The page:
Dragon blood trees are a reality of another fantasy.
- Dragon blood trees are an evergreen species of tree, endemic to the woodlands of the Socotra islands of Yemen, located in the Arabian Sea near western Asia.
- The scientific name of the dragon blood tree is Dracaena cinnabari and it is from the family Asparagaceae, a family of plants that flower, and in the subfamily Nolinoideae.
- ‘Dragon blood trees’ are also known as ‘Socotra dragon trees’, and they can reach a height of 5 to 10 metres (16.4 to 33 feet).
- Dragon blood trees grow in a shape that resembles that of a mushroom, with branches that are shaped like large sausages and form in a dense structure; while sturdy long, narrow leaves form on the ends of the branches in clusters, and they can be as long as 60 centimetres (2 feet).
- Moisture is absorbed by dragon blood trees from mist or low cloud cover, and often the moisture trickles down cracks in rocks to the roots below.
Dragon Blood Trees
Image courtesy of Rod Waddington/Flickr
- Dragon blood trees generally bloom in February, and they produce many small flowers that grow in groups, and are coloured a creamy white to green colour.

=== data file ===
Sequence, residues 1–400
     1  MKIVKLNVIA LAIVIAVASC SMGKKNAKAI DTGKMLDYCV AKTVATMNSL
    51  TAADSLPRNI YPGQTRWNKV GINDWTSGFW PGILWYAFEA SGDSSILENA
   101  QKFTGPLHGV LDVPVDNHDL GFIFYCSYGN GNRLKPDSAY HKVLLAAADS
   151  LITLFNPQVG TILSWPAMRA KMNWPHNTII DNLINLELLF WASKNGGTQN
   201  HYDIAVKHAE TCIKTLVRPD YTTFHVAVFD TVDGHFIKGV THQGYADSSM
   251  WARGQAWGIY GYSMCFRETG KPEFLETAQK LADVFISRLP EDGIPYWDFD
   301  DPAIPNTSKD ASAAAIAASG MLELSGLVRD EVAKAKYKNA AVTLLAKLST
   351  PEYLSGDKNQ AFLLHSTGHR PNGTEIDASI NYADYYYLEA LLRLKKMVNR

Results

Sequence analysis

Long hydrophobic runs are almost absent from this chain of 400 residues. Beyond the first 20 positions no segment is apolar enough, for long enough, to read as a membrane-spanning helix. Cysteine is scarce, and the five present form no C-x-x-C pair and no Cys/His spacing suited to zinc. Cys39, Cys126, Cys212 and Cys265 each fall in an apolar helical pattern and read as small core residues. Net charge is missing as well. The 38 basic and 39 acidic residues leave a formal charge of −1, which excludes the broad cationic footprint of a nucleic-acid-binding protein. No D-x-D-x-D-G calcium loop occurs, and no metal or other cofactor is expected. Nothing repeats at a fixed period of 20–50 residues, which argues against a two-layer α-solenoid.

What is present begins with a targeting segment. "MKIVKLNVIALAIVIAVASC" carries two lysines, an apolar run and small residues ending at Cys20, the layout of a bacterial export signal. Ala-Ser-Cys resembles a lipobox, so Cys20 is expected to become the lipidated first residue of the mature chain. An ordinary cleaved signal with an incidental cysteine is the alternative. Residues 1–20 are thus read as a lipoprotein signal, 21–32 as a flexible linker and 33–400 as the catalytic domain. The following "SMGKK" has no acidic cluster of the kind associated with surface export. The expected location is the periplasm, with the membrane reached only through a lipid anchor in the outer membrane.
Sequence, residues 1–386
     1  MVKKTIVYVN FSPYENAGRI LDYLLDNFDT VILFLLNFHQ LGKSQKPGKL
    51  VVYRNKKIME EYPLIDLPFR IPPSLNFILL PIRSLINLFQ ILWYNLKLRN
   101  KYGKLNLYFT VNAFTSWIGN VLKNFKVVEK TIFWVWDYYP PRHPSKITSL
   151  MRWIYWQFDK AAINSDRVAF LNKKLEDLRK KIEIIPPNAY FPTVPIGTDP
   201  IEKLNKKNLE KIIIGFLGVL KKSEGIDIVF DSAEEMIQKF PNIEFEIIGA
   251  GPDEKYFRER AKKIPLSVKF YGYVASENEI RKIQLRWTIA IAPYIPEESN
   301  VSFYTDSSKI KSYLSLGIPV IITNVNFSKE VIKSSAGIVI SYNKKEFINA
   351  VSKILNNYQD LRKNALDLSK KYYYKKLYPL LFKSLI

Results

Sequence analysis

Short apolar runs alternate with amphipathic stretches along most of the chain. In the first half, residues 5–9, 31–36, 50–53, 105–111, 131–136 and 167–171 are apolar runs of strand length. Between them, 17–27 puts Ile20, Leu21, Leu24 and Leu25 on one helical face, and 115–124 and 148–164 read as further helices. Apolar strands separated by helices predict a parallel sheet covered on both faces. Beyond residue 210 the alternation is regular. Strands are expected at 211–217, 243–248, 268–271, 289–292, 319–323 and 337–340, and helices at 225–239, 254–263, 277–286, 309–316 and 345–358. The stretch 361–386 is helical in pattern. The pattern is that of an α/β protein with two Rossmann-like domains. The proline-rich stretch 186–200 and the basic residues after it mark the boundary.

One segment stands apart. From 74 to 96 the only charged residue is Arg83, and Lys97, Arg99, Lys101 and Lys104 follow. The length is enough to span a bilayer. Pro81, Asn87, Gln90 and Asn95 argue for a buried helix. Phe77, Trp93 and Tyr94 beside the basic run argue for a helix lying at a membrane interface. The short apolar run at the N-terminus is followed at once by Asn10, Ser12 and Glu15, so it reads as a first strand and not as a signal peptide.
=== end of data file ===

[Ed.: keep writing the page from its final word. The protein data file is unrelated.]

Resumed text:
- Numerous berries form on dragon blood trees after flowering, and they have a diameter of approximately 1 cm (0.4 inches); are of an orange to red colour when ripe; and contain from 1 to 3 seeds.
- Dragon blood trees are listed as a vulnerable species as reproduction has noticeably declined, likely due to a changing climate, over-harvesting and human interference.
- Dragon blood trees are known for excreting a blood red resin that has been used as dye or varnish, as well as a form of traditional medicine since ancient times in Rome, Greece and Egypt, and the resin is still used in modern times.
- Many young dragon blood trees of present times have failed to grow branches in the dense canopy typical of older specimens, and this has caused conservation concerns, as the canopy allows new plants to grow in its shade, and prevents moisture loss around the base of the tree.